• if the tested edge connects vertices in the same -edge-connected block (i.e., ), then apply Test2EDP-B; otherwise, apply Test2ECB-B.

One can show that Hybrid-B returns the same sparse subgraph as Test2ECB-B.

Lemma 3.1.

Let be an edge of . Algorithm Test2EDP-B deletes only if Test2ECB-B does as well. Moreover, if and belong to the same -edge-connected block of , then algorithms Test2EDP-B and Test2ECB-B are equivalent for , i.e., edge is deleted by Test2ECB-B if and only if it is deleted by Test2EDP-B.

Proof.

To prove the first part of the lemma, suppose that is deleted by Test2EDP-B. We show that the -edge-connected blocks of are not affected by this deletion. Consider any pair of -edge-connected vertices and that was affected by the deletion of , that is, the number of edge-disjoint paths from to was reduced. Let be a minimum - cut in , i.e., , , and . Then we also have and . Since has at least two edge-disjoint paths from to , Menger’s theorem implies that there are at least two edges directed from to . Thus, Menger’s theorem implies has at least two edge-disjoint paths from to .

We now prove the second part of the lemma. Suppose that and lie in the same -edge-connected block of , and edge is deleted by algorithm Test2ECB-B. This implies that has two edge-disjoint paths from to , so algorithm Test2EDP-B would also delete . ∎

3.1 Providing a sparse certificate as input

As we mentioned above, algorithm IST-B computes in linear time a sparse certificate for the -edge-connected blocks of an input digraph , i.e., a spanning subgraph of with edges that has the same -edge-connected blocks with . In order to speed up our slower heuristics, Test2EDP-B, Test2ECB-B and Hybrid-B, we can apply them on the sparse certificate instead of the original digraph, thus reducing their running time from to . Moreover, given that IST-B achieves a -approximation (Theorem 3.5), it follows that Test2EDP-B, Test2ECB-B and Hybrid-B produce a -approximation for 2EC-B in time. Therefore, we applied this idea in all our implementations. See Table 1 in Section 4. We also note that for the tested inputs, the quality of the computed solutions was not affected significantly by the fact that we applied the heuristics on the sparse certificate computed by IST-B instead of the original digraph. Indeed, on average, the number of edges in the computed subgraph was reduced by for Test2EDP-B and increased by less than for Hybrid-B. The speed up gained, on the other hand, was by a factor slightly less than for Test2EDP-B and by a factor slightly larger than for Hybrid-B.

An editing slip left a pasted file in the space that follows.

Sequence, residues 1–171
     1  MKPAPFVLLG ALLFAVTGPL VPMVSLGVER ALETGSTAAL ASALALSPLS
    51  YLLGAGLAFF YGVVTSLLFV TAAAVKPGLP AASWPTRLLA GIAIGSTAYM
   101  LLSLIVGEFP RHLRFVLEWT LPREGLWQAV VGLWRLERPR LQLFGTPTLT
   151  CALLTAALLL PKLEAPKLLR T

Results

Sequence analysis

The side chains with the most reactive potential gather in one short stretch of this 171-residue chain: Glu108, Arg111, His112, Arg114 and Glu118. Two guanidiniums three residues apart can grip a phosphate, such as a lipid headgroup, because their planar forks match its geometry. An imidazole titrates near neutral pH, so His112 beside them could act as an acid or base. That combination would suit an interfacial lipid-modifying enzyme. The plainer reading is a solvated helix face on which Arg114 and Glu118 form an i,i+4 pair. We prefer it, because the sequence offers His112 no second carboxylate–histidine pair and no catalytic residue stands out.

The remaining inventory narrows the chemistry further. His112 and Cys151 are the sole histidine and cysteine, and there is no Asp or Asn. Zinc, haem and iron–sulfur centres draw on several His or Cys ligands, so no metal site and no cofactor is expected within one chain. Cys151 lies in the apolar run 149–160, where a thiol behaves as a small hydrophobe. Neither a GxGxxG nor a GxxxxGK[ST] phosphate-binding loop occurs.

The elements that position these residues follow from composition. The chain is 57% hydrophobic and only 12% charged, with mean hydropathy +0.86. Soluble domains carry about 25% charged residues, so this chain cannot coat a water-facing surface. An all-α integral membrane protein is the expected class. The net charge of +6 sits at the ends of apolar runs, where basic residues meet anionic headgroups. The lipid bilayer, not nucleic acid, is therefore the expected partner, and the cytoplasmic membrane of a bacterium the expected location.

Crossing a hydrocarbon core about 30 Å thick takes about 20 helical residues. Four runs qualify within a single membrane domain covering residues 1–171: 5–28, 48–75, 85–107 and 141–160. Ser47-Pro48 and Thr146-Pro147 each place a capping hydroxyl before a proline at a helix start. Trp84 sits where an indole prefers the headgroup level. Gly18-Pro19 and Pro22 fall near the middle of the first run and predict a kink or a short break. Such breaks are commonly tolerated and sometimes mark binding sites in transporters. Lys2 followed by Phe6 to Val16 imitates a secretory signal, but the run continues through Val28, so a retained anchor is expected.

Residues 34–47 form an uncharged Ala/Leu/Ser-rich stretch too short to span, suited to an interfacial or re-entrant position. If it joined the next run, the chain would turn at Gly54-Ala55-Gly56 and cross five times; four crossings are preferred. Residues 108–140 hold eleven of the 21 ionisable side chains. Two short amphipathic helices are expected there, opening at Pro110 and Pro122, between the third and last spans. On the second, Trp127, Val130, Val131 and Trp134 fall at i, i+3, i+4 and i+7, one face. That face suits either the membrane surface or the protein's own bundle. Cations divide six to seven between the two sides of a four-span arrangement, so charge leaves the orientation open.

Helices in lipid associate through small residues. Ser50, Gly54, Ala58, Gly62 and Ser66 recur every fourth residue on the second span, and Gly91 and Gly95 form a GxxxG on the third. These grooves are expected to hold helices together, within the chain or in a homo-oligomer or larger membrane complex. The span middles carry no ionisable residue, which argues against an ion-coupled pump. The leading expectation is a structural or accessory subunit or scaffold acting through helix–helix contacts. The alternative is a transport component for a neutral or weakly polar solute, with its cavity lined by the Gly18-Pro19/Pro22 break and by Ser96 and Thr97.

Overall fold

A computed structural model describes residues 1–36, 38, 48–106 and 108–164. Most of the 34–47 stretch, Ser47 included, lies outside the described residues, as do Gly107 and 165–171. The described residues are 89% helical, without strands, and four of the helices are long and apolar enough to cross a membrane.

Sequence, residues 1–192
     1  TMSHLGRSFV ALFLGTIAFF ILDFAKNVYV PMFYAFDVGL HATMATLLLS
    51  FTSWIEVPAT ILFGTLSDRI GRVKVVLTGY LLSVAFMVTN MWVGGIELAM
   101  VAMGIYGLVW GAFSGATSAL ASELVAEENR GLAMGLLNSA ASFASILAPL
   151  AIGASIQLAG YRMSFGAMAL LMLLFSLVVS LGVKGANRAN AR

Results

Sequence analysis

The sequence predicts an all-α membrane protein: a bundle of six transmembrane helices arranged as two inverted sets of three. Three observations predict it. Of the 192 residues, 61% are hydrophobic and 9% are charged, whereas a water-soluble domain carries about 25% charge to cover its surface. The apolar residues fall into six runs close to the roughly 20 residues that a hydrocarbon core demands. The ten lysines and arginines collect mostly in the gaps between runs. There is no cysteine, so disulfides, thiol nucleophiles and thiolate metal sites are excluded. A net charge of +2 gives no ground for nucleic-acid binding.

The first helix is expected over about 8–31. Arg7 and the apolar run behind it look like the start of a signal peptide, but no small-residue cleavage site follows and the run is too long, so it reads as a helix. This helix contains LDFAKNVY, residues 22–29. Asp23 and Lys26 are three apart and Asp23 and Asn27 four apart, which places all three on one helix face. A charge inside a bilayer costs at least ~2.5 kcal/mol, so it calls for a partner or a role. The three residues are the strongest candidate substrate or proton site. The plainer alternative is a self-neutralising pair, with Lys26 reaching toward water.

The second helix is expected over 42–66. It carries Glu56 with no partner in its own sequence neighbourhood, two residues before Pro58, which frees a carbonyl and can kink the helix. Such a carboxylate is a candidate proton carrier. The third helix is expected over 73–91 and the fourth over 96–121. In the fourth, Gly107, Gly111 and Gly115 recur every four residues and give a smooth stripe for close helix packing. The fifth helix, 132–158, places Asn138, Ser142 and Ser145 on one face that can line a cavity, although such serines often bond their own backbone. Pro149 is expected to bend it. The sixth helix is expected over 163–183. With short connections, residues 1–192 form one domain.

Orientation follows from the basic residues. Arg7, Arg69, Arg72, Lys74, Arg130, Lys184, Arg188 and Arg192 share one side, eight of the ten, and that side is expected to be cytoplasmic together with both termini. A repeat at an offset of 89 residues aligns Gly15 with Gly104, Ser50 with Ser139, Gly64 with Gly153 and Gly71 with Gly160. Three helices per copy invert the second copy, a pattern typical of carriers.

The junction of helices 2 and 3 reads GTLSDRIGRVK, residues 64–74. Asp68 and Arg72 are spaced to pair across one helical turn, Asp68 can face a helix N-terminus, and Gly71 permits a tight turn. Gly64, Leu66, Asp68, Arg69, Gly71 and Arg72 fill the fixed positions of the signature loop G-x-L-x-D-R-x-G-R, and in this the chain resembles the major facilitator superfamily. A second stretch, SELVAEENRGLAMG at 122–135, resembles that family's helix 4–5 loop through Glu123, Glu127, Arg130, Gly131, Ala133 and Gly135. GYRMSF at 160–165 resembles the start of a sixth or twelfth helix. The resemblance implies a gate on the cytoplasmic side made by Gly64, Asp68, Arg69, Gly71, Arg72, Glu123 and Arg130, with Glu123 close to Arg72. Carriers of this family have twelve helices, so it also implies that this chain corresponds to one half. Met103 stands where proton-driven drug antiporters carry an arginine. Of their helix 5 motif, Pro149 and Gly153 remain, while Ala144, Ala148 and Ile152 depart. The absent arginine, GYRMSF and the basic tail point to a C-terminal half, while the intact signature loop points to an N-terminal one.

3.2 Maintaining the -edge-connected components

Although all the above algorithms do not maintain the -edge-connected components of the original graph, we can still apply them to get an approximation for 2EC-B-C, as follows. First, we compute the -edge-connected components of and solve the 2ECSS problem independently for each such component. Then, we can apply any of the algorithms for 2EC-B (Test2EDP-B, Test2ECB-B, Hybrid-B or IST-B) for the edges that connect different components. To speed them up, we apply them to the condensed graph of . Let be the subgraph of computed by any of the above heuristics, and let be the expanded graph of , were we replace each supervertex of with the corresponding -edge-connected sparse subgraph computed before. We refer to the corresponding algorithms obtained this way as Test2EDP-BC, Test2ECB-BC, Hybrid-BC and IST-BC. The next lemma shows that indeed is a valid solution to the 2EC-B-C problem.